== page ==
Several gait analyses protocols have been used. However, an optimal and standardized method remains for establishing . The number and location of the sensors are key aspects for the success of assessments with TOMs, especially in a free-living context [8, 16]. To increase wearing compliance without hindering the precision of data collection the number of sensors should be kept to a minimum, and the least obtrusive devices preferred [8, 16]. Today, although the lower back is not considered the most comfortable and unobtrusive location, it has been shown that a single sensor (accelerometer) in this location is able to capture with precision, physical activity and gait parameters in a laboratory and free-living context [16, 17]. Recently, there has been a move toward using sensors on the wrist or embedded in smartphones. However, problems still exist when collecting data. Kim et al., 2019  report that sensors used on the wrist tend to overestimate the number of steps and the time spent at different intensities of activity. Höchsmann et al., 2018  compared the accuracy of step detection of a smartphone (placed in a trouser pocket, shoulder bag, and backpack) with a WS used on the wrist and waist. At a gait velocity of 4.8 km/h (shoulder bag and backpack) and 6.0 km/h (all positions), smartphones did not exceed a 1% error deviation from the gold standard (threshold to be considered an accurate measurement). However, for a gait velocity of 1.6 km/h, a 3% error was found. In a free-living context, smartphones underestimate the number of steps . Another limitation of free-living assessment with smartphones is the place where it is used. While for men a trouser pocket is a commonly preferred position, for women it is more likely to be the purse or backpack . In the search for a solution for a smartphone-based body location the magnetometer sensor will most certainly be a crucial sensor to consider when dealing with the device’s orientation.
4) Which gait assessment protocol
The comparison between all the included studies and those that only used an assessment in “ON” state medication, revealed that PD gait parameters under the effect of the medication are closer to the HC. Only stride time variability did not follow this pattern. According to the literature , stride time variability is increased in PD patients and diminishes in response to dopaminergic medication. In our analysis, we found that the difference between PD on and HC increased when only studies assessing gait in “ON” state medication, were taking into account. However, this result should be interpreted with caution, since this was only a basic comparison of means and gait protocols differentiated substantially in the included studies.
The distance covered during gait analysis varied in the included studies. According to the analysis performed, the distance doesn’t seem to have a high impact on gait velocity tested in a controlled environment. However, the data from the included studies doesn’t allow us to conclude on this topic. More studies are needed to understand the implications of gait protocol length in PD gait parameters.
Almost half of the included studies (43.2%, n = 41) used only a self-selected comfortable speed, during gait assessment. Since some of the gait parameters, like stride length and cadence, are sensitive to velocity and to the presence of concurrent attention demands, gait assessment protocols should include different velocities and both single- and dual-task activities . The most common duration of free-living assessment data collection was seven days, varying between three and ten days. Based on our results, we cannot conclude if this is the best option. These are challenging assessments due to the heterogeneity of ambulatory activity within habitual environments. We believe that the duration of data collection during free-living assessments should be a balance between not performing a burdensome assessment and the ability to collect enough and precise data to obtain a pattern of patients’ performance during the day . As a fluctuating disease, the duration applied in other research fields, may not be appropriate. This topic should be addressed in future studies.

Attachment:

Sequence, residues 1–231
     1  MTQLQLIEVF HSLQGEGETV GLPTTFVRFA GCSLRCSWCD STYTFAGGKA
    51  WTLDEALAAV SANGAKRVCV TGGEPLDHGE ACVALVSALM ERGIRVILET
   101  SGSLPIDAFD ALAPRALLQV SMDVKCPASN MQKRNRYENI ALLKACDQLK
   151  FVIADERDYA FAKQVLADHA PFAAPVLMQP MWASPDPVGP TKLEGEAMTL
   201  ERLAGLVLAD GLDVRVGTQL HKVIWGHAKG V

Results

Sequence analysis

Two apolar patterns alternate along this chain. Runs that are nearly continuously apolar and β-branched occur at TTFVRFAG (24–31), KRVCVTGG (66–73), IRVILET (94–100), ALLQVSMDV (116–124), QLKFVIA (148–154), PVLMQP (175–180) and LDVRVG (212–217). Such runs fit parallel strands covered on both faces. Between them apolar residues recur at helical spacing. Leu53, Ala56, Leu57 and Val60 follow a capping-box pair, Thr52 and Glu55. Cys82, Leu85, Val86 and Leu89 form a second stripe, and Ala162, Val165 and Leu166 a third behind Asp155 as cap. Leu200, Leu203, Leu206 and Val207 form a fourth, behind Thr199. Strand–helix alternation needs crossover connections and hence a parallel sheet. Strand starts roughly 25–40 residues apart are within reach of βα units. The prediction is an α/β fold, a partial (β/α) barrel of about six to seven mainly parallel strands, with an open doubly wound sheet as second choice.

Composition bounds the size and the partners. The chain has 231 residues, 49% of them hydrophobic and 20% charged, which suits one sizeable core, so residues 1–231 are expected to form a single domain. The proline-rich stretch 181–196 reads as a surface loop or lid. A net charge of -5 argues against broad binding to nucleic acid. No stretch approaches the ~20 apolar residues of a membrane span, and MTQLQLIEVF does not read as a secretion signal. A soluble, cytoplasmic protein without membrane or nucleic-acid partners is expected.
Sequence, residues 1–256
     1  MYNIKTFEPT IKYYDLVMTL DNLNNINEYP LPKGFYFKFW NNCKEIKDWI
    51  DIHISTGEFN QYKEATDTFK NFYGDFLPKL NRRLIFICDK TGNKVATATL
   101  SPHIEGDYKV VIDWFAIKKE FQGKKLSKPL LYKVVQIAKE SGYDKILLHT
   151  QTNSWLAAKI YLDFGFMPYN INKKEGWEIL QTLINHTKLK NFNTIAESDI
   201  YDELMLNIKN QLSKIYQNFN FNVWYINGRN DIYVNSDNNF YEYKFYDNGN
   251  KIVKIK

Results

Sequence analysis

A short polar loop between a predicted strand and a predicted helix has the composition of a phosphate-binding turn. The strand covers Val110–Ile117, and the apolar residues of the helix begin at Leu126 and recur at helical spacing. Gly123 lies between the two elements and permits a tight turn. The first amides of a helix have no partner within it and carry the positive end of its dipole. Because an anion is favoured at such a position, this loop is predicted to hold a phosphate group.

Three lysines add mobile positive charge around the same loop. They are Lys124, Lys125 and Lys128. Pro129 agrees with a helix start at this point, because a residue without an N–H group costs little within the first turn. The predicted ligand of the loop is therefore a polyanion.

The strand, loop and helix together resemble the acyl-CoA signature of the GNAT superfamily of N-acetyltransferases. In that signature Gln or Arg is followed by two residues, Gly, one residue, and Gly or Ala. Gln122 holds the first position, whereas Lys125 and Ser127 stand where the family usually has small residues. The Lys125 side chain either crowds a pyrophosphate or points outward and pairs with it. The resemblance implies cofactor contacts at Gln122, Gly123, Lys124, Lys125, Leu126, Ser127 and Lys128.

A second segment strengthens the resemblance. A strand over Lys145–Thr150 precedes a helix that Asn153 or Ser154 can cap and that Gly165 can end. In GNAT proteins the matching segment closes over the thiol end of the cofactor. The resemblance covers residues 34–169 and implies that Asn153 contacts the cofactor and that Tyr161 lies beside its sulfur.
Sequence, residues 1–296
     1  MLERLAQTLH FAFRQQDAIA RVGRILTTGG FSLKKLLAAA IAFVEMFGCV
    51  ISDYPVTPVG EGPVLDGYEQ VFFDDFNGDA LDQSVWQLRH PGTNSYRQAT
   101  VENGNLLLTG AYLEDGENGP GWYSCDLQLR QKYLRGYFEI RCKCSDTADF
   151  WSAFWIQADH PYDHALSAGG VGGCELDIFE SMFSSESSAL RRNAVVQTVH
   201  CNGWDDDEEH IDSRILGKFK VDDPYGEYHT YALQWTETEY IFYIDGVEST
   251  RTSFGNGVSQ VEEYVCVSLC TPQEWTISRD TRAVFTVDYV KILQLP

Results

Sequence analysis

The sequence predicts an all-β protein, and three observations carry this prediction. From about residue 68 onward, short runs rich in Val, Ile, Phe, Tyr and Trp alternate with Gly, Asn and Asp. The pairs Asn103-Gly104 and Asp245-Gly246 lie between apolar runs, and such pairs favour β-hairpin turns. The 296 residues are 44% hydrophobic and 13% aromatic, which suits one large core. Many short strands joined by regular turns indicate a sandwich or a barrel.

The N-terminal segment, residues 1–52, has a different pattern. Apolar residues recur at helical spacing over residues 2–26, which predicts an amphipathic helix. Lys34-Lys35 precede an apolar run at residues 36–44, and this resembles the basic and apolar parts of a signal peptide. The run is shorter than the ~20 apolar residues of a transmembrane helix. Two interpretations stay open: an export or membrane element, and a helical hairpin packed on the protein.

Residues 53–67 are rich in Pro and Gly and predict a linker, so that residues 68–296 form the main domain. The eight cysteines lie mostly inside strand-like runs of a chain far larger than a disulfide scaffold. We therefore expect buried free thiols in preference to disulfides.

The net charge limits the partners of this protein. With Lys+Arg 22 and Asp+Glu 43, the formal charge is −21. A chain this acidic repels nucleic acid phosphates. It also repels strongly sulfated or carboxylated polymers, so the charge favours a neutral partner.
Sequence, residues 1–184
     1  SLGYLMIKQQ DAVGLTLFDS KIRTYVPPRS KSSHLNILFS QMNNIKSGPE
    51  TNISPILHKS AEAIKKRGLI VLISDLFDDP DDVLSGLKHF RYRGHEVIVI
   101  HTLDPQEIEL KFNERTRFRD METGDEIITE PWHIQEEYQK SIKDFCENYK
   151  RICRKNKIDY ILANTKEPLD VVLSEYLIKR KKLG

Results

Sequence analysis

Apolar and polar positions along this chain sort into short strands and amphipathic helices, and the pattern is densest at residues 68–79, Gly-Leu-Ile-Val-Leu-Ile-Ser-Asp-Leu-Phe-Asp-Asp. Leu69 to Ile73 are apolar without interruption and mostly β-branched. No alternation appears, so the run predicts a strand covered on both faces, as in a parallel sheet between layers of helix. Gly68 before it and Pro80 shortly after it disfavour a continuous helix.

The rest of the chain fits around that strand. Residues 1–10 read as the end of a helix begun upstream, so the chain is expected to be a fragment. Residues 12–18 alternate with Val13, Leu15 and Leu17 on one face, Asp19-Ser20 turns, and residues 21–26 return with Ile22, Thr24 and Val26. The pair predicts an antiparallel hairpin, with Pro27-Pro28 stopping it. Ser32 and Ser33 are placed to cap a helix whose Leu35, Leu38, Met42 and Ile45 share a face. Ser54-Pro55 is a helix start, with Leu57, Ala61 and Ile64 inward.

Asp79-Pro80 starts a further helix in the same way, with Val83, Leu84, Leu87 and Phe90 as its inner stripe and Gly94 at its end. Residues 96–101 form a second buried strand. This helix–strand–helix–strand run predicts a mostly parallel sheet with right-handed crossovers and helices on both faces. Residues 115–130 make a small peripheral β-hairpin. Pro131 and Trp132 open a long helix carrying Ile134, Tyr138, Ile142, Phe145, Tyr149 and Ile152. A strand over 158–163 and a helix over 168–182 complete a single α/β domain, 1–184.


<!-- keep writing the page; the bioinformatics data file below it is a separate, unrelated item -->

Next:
Our results support previous descriptions of PD gait impairments when compared with HC. No statistically significant differences were found for the impact of different types of devices (WS vs NWS), or different types or locations of wearable sensors during assessments. Future studies should test the reported gait parameters against validated clinical meaningful outcome measures in PD to select those most suitable for evaluating and monitoring the progression of gait impairments in PD. More studies are also needed to explore gait parameter behavior in a free-living context, with more complex movements (e.g., including turns, sequences of movements and others).
CONFLICT OF INTEREST
The authors declare that there are no conflicts of interest relevant to this work.
UID/BIM/50005/2019, project funded by Fundação para a Ciência e a Tecnologia (FCT)/ Ministério da Ciência, Tecnologia e Ensino Superior (MCTES) through Fundos do Orçamento de Estado.
Fundação para a Ciência e a Tecnologia (FCT) (PhD SFRH/BD/120773/2016 to RBM and PhD SFRH/BD/144242/2019 to DB).
 The supplementary material is available in the electronic version of this article: https://dx.doi.org/10.3233/JPD-201969.